FLOWERY BRANCH, Ga. (AP) — In his first public comments since keeping his job, Atlanta Falcons general manager Thomas Dimitroff had coach Dan Quinn by his side.
That was only appropriate.
While Dimitroff stressed Thursday that he retains the final say on who the Falcons draft and sign, he did little to dispel the notion that Quinn was largely responsible for saving his job.
Dimitroff has been under fire for poor drafts and questionable free-agent signings, leading to three straight seasons without Atlanta making the playoffs. But owner Arthur Blank decided to keep his GM, citing the relationship Dimitroff built with the rookie head coach in their first year together.
"I take pride in making sure I communicate and work with the head coach very closely," Dimitroff said. "You can't be successful in this league without having a very close and communicative relationship with the head coach."
So, is Quinn's support the major reason Dimitroff remains employed by the Falcons?
The GM deflected that question.
"As far as being here or not, I don't look at it that way," Dimitroff said. "If I didn't have that relationship with Dan or a head coach in general, I don't think I would be around here and I shouldn't be around here."
Quinn said he's eager to get started on 2016 after the Falcons finished 8-8 in his first season, an improvement on their two previous years under Mike Smith. Atlanta got off to a 5-0 start before going into a major slump, which ruined any shot at the playoffs.
However, the Falcons did hand NFC champion Carolina its only loss.
"I now have the luxury after a whole year of knowing exactly where we stand on our team," Quinn said. "Last year going in, you have a sense of what you think that might be. But now, after going through it, man, I can't wait to get rolling, because I have such a clear vision of how to help Thomas."
Dimitroff shrugged off all the questions swirling around about his future, saying he never focused on whether he would stay or go.
"As a general manager in this league, every year you're up for scrutiny," he said. "As far as thinking about whether I was going to have my job or not, my focus again was on continuing to build this football team and ultimately it was Mr. Blank's decision. He made a statement that was very clear, I thought, that took care of any of the ideas that I wasn't going to be around."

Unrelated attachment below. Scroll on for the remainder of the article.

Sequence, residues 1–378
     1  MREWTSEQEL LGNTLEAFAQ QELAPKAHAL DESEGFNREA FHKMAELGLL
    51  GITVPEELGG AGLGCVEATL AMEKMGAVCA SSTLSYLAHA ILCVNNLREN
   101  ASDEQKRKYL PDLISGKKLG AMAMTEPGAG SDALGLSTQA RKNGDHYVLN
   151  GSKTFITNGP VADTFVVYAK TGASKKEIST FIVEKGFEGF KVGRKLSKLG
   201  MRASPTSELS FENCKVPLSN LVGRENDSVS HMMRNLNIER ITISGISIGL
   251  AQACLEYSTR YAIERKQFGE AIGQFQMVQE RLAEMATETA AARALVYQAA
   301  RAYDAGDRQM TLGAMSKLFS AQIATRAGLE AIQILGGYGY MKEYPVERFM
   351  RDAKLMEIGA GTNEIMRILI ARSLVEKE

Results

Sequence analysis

Dimitroff was once viewed as one of the brightest young executives in the league, helping Atlanta quickly rebuild after the Michael Vick dogfighting debacle. The Falcons started his tenure with five straight winning seasons, four playoff appearances and two NFC South titles. They came within 10 yards of reaching the Super Bowl during the 2012 season, losing to San Francisco in the conference championship game.
But Atlanta went 10-22 the next two years, costing Smith his job. When the Falcons slumped after their brilliant start this past season, it looked as though Dimitroff might be on the way out.
He acknowledged plenty of mistakes during his eight-year tenure, including the infamous 2012 draft which produced six players — none of whom are still in the league. Also, the Falcons have been plagued by several free-agent busts, including Ray Edwards, Dunta Robinson and Steven Jackson.
"You're going to have some hits, you're going to have some misses," Dimitroff said. "I understand what my responsibilities are, and I take full responsibility for where this organization is, right now, as far as the acquisition process. That is ultimately my duty."
Dimitroff plans some revamping of the Falcons player-evaluation system, starting with this week's hiring of Phil Emery and Ruston Webster as national scouts. Both are former general managers — Emery with the Bears from 2012-14, Webster with the Tennessee Titans the last six seasons.
The Falcons now have five former GMs on their front-office staff, including team President Rich McKay, assistant general manager Scott Pioli, and pro personnel scout Billy Devaney.
Dimitroff said he plans to lean on all five for guidance — and not be looking over his shoulder.
"We all know each other, we've all been around each other, we all know our scouting approaches," he said. "I think that's going to be beneficial."